At IEDM, Globalfoundries explained why its 14-nm-class Fin with a 20-nm back-end combination would increase planar IP portability to non-planar FinFETs.
Often, the best questions are asked and answered after the main event. A case in point was the press roundtable that convened after Globalfoundries CEO Ajit Manocha’s luncheon keynote during the 2012 International Electron Devices Meeting (IEDM). Manocha (center seat) was joined by the following senior executives: Suresh Venkatesan (left seat), Senior Vice President of Technology Development, and Subramani Kengeri (right seat), Vice President of Advanced Technology Architecture (see Figure 1). What follows is an edited version of that question-and-answer session. – JB
Figure 1: Pictured are the Globalfoundries CEO and senior executives at the IEDM press roundtable. Jason Goross, Communications Manager, is shown standing.
Question: What about new technologies, like Extreme-Ultra-Violet (EUV) lithography and directed self-assembly?
Manocha: We’re working on EUV technology as well as immersion scanners for double patterning (see Figure 2). The jury is still out on commercial EUV, especially since suppliers remain 9 months or so out.
We are not working on directed self-assembly (DSA; a manufacturing process to improve both optical and EUV). Thus far, it is not a prime consideration for 7-nm-node technology. However, we have been talking with KLA-Tencore as part of our open collaboration approach to deciding the right thing to do.
As I mentioned in my keynote, at least one big company (IDM/foundry) is under 50% utilization capacity. We need a way to keep it going by living on 28-nm with silicon-on-insulator (SOI) and other technologies.
Figure 2: In his IEDM 2012 keynote, Globalfoundries CEO Ajit Manocha talked about the challenges facing the semiconductor manufacturing industry.
Question: Is Globalfoundries FinFET-friendly?
Manocha: We are mitigating the risk of mobile systems-on-a-chip (SoCs) by incorporating a 20-nm back end with a 14-nm front end.
Kengeri: Globalfoundries wants to leverage all of its 20-nm investment. That includes reusing models on the technical side. For example, there are 7000 ground rules. We want to carry those rules over, only changing the device. On the design side, people are used to 20-nm design rules. We want to keep that design infrastructure.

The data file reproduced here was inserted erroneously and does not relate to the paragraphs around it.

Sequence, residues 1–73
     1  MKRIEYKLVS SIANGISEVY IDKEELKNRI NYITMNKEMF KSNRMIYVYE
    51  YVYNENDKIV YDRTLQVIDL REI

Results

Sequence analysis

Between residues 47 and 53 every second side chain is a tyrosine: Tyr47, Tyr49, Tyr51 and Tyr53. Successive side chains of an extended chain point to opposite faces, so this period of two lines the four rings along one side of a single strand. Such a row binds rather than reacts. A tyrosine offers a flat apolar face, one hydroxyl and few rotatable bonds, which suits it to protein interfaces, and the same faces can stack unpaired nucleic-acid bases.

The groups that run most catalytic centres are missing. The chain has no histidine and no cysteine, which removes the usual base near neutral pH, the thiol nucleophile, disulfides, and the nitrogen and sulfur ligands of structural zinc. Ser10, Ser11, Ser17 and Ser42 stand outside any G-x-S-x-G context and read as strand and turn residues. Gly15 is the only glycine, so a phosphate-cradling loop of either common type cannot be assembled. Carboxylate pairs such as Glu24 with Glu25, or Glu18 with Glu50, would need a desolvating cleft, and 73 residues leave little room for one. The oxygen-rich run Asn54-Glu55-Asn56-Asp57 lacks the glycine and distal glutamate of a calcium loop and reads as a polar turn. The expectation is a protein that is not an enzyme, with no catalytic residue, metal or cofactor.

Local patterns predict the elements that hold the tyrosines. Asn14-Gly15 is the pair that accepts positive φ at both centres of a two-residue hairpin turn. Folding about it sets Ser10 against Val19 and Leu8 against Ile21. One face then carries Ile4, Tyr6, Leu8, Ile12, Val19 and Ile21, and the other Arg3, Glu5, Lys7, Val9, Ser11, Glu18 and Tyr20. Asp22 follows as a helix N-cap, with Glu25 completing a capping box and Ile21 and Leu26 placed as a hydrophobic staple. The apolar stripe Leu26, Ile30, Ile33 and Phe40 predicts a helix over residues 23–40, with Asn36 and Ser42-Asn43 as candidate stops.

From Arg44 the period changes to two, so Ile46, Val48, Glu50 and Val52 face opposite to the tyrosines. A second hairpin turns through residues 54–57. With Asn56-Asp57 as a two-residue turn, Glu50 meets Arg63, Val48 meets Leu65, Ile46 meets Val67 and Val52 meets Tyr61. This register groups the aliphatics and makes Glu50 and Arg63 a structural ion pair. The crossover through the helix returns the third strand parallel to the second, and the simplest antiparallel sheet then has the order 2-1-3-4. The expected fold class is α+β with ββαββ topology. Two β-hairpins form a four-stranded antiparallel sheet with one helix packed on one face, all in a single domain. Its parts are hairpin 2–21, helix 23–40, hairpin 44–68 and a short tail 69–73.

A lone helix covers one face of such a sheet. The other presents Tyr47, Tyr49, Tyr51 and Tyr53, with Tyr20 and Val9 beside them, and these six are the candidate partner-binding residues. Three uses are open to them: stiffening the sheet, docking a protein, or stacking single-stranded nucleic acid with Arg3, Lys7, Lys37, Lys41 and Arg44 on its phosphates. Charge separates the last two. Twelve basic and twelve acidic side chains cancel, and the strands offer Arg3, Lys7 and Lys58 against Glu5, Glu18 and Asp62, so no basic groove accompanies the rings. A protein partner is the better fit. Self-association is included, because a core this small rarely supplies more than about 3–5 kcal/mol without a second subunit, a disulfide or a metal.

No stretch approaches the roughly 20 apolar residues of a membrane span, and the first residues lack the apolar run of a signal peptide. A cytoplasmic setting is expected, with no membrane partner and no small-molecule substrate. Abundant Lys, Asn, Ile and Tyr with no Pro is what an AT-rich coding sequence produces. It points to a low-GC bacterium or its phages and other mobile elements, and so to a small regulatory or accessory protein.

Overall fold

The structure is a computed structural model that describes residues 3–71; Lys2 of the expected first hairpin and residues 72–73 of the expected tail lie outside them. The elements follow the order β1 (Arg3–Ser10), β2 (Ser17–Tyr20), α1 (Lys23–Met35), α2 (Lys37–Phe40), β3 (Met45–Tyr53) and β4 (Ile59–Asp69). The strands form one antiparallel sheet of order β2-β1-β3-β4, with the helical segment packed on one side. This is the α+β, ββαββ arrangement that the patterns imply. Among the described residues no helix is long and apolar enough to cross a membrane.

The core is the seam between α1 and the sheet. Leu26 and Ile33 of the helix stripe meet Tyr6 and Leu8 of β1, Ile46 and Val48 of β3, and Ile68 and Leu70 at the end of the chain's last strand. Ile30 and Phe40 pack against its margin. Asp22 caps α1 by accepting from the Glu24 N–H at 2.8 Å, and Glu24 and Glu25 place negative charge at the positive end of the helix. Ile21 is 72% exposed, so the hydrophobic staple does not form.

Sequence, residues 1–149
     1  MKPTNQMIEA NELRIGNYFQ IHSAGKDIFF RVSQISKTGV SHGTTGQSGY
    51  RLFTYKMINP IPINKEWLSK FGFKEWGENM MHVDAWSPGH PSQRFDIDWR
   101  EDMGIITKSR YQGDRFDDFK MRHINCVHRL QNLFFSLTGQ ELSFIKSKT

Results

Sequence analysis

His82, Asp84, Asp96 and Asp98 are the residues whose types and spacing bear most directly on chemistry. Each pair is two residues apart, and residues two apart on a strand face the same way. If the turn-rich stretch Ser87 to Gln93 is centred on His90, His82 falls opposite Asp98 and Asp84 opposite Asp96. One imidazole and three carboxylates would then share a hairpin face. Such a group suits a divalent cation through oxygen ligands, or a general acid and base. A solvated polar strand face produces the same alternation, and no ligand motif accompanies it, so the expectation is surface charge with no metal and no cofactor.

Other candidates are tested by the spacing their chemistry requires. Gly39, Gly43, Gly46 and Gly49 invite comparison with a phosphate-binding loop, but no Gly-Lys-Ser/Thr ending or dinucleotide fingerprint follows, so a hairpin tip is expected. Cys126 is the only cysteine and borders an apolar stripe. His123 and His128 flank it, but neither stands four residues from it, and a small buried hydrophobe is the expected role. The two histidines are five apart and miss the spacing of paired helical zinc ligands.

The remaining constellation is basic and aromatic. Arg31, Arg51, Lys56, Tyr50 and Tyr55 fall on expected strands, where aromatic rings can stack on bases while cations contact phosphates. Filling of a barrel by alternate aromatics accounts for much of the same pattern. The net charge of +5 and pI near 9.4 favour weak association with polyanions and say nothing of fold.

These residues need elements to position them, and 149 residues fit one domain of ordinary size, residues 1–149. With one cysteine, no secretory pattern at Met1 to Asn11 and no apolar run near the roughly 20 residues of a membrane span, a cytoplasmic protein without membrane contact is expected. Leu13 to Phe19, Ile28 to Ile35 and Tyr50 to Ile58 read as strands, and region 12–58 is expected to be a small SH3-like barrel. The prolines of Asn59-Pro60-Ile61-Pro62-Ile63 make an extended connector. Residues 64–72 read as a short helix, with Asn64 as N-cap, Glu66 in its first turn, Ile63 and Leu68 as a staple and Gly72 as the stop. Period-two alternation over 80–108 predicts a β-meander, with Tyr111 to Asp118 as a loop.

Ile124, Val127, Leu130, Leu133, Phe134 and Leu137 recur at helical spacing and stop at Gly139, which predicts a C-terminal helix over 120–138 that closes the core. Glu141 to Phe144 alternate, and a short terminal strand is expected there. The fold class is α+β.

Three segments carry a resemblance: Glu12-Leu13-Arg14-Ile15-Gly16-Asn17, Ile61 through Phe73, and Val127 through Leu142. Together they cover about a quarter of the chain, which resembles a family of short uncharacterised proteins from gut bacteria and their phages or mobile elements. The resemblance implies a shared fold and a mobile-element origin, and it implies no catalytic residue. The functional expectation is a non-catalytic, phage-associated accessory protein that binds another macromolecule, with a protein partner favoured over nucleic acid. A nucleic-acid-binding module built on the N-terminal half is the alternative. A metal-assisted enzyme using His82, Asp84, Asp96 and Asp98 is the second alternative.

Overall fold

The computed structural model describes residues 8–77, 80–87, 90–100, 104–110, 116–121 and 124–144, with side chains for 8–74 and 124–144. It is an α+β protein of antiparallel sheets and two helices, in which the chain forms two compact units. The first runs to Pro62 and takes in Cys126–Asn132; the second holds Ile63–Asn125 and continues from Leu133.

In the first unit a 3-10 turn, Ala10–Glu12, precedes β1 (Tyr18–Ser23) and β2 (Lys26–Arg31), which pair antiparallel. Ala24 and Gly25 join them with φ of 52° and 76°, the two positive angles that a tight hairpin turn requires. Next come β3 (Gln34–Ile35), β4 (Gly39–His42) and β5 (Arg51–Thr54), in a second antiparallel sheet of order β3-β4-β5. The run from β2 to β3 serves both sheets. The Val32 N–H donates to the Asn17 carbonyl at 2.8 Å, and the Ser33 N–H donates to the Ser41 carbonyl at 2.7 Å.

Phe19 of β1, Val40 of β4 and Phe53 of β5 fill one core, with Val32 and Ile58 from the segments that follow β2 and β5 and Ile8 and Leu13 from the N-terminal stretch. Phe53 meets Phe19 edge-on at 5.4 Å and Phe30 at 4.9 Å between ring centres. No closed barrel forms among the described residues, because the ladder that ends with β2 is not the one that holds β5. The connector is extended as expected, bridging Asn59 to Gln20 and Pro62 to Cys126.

Editor’s Note: As announced in Sept. 2012, GlobalFoundries is taking a “modular Fin” approach with its bulk FinFET offering, dubbed 14nm-XM (see Figure 3). This approach combines a 14-nm-class Fin with its 20-nm back-end-of-line (BEOL) interconnect flow. It includes ‘Fin-Friendly Migration’ (FFM) rules to allow the fast porting of planar intellectual- property (IP) designs to FinFET. The company predicts 40% to 60% improved battery life and 20% to 55% higher performance (depending on operating voltage) vs. other 20-nm, 2D planar transistors. (See “GlobalFoundries Rolls Out 14nm finFET Process.”)
Figure 3: Shown is Globalfoundries' 14nm-XM FinFET structure.
Question: Regarding the IP side, won’t changing the device cause changes in the IP?
Kengeri: Yes, we do need to redo the IP (for 14nm-XM), but not as much as before. We don’t need the 2x change that is traditionally needed between major node jumps. There is where the ecosystem engagement comes in. The IP is being designed because the 14nm-XM design kit (PDK) is already complete.
In addition, there is concurrent IP development within our ecosystem (e.g., ARM), since the physical design rules are already there.
Venkatesan: Let me add a quick comment. We have done the physical design, electrical characterization, and optimizing of the IP. The physical design rules for 20 nm are complete, so the IP development has started. IP developers can be assured that no big changes will happen. There may be changes in the electrical characteristics, but that just needs retiming, etc. – not the same level of pain and suffering as the PDK development. [Note: The PDK contains descriptions of the basic building blocks of the process including FinFET (Spice) models, advanced extraction, double patterning, DFM, FFM, Ref flows, P&R…]
Editor’s Note: In this short video, Sean O’Kane from Chipestimate.TV and I talk with ARM’s John Heinlein about the coming challenges faced by IP designers using FinFET structures.
TSMC OIP 2012: ARM’s John Heinlein is interviewed about IP and FinFETs.